I’ve been mulling over the difference between songwriting and poetry writing for years, ever since I wrote my first poems in a high school creative writing class and realized that a song’s lyrics are a poem set to sonic devices. Having written poetry in an academic setting and, occasionally, publishing it, I’ve spent more time listening to music and looking for similarities, differences, and things each medium can teach writers how to write these two seemingly similar formats.
I came to the ignorant conclusion that songs were simple poems, ones that cheated by repeating the same lines over and over, drawing out words to rhyme. Songs break every rule I learned as a metrical poet. That’s not always the case, of course, just my initial thoughts on the songwriting process.
So recently I decided to take a stab at it, to see just how hard it was to A) Write lyrics, B) Create chord progressions, and C) Combine the two. I play guitar decently. It’s something I picked up a few years ago but, even now, I couldn’t tell you individual notes or complex chords. Instead, I learned the basics and how to fake my way through chords and use my ear to pick out what works and what doesn’t — similar to how one would use far-fetched slant rhymes in a poem.
No — I am not going to share any of my poetry or songs on my blog, though I do have to say that a few of the songs I’ve written are (in my opinion) more put together, better, and more effective than many of my published poems. The difference, of course, is that a song requires lots of “other things,” like different instruments, someone who can actually sing (I can’t), and someone who can play all the frills and improv stuff that makes a song memorable.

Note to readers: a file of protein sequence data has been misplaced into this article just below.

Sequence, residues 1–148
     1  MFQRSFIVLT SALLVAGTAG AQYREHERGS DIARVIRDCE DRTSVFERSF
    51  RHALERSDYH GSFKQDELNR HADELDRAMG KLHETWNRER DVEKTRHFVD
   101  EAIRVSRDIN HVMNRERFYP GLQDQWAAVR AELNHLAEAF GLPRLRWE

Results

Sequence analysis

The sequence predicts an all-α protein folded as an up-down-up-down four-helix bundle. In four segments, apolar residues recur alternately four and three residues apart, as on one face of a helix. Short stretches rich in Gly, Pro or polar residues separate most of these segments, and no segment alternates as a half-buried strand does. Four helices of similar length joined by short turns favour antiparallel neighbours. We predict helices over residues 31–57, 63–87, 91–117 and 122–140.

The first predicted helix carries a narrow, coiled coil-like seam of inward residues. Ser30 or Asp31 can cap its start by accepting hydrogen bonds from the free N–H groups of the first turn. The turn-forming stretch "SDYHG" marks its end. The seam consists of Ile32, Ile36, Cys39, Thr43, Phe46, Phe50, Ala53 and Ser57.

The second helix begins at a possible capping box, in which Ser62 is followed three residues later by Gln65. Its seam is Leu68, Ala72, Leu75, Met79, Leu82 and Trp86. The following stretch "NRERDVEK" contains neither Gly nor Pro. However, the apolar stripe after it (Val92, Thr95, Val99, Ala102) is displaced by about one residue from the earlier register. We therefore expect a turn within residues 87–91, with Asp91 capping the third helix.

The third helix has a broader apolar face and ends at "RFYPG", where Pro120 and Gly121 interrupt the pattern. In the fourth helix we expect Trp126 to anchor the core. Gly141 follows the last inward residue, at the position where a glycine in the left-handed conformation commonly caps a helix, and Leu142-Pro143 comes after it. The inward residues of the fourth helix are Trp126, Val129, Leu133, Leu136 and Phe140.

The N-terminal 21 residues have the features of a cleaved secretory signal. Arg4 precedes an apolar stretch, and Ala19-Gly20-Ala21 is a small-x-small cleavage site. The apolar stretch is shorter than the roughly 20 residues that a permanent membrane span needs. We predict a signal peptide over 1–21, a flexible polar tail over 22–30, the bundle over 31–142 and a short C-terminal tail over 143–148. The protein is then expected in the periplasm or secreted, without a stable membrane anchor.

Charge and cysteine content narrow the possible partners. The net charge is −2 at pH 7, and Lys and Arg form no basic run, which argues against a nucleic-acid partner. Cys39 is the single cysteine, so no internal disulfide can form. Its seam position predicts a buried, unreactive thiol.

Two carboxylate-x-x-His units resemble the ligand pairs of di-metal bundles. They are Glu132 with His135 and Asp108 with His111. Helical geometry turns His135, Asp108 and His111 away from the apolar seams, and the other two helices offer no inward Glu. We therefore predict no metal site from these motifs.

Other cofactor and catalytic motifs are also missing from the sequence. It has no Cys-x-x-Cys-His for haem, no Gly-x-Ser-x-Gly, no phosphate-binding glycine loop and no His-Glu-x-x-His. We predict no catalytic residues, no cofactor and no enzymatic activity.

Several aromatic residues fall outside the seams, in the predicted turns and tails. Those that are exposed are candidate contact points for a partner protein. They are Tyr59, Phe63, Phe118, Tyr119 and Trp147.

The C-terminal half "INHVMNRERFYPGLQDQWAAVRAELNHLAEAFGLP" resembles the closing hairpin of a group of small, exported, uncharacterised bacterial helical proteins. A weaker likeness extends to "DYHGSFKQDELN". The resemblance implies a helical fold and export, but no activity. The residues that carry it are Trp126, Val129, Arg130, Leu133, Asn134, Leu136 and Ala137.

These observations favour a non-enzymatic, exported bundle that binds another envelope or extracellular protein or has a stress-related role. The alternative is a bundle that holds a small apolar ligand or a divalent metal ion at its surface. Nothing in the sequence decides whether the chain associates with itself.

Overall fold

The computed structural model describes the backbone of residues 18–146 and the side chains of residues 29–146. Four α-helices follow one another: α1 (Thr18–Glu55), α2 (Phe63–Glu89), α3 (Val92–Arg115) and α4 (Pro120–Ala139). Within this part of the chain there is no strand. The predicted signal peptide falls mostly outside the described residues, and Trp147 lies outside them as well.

Still, the experience of songwriting has been a fun break from poetry and has taught me things about both.
Songs vs. Poems
There are many advantages and disadvantages to writing songs over poetry and vice-versa. I’m not saying these points are always the case, just something I have experienced in my own work.
Here are a few “poetic pros” (get it?!):
- Poetry is typically made to be read. On a page, a reader is able to look back at previous lines, reread entire sections, make notes, and so on. It is a much more “academic” experience for skilled readers, though most poems can be enjoyed by anybody if they sound good. This is an advantage because the poet can be more “clever.”
- The poem can get away with certain things, like stand on its own without having to match a melody. You don’t see a lot of trochaic hexameter lyrics out there, do you?
- Poets can be much more metaphorical than song writers if they choose to be. This isn’t always the case, of course, because most songs have surface meaning on top of a deeper, more thoughtful one.
- A lot of modern poetry (not that beat rap stuff all the kids are doing) doesn’t have to rhyme, whereas a song’s rhyme adds to rhythm which emphasizes certain ideas. In an unrhymed poem, diction plays a much more important role as well as tempo and flow.
And a few reasons songwriting is different than writing poetry:
- You can write a song with, like, 10 lines and repeat them all day long. It helps to have a standalone sound and instruments carrying the tune, of course. With refrains, choruses, and a few bridges, lyrics can be incredibly simple (see: pop).
- Songs are meant to be heard, not read. That said, songwriters can get away with dragging a phrase out and skipping expected stressed words and whatnot. Lyrics are driven by sound.
- It is very easy to be tacky in songwriting and get away from it as long as it sounds good and makes sense. This is an added challenge, too, especially for less-experienced songwriters.
- Another somewhat challenging aspect of songwriting is that you will likely not have the resources to create a finished product. In addition, there’s almost less to do with a song (except for personal enjoyment) than a poem.
I’m still experimenting with both forms and will update you on additional thoughts. In closing, I’d like to say that being a student of poetry, writing songs is actually a challenge. I try to draw out lines and find myself over-rhyming. Like a poet, I’m more in tune to my voice and a single instrument than an entire cacophony of noise.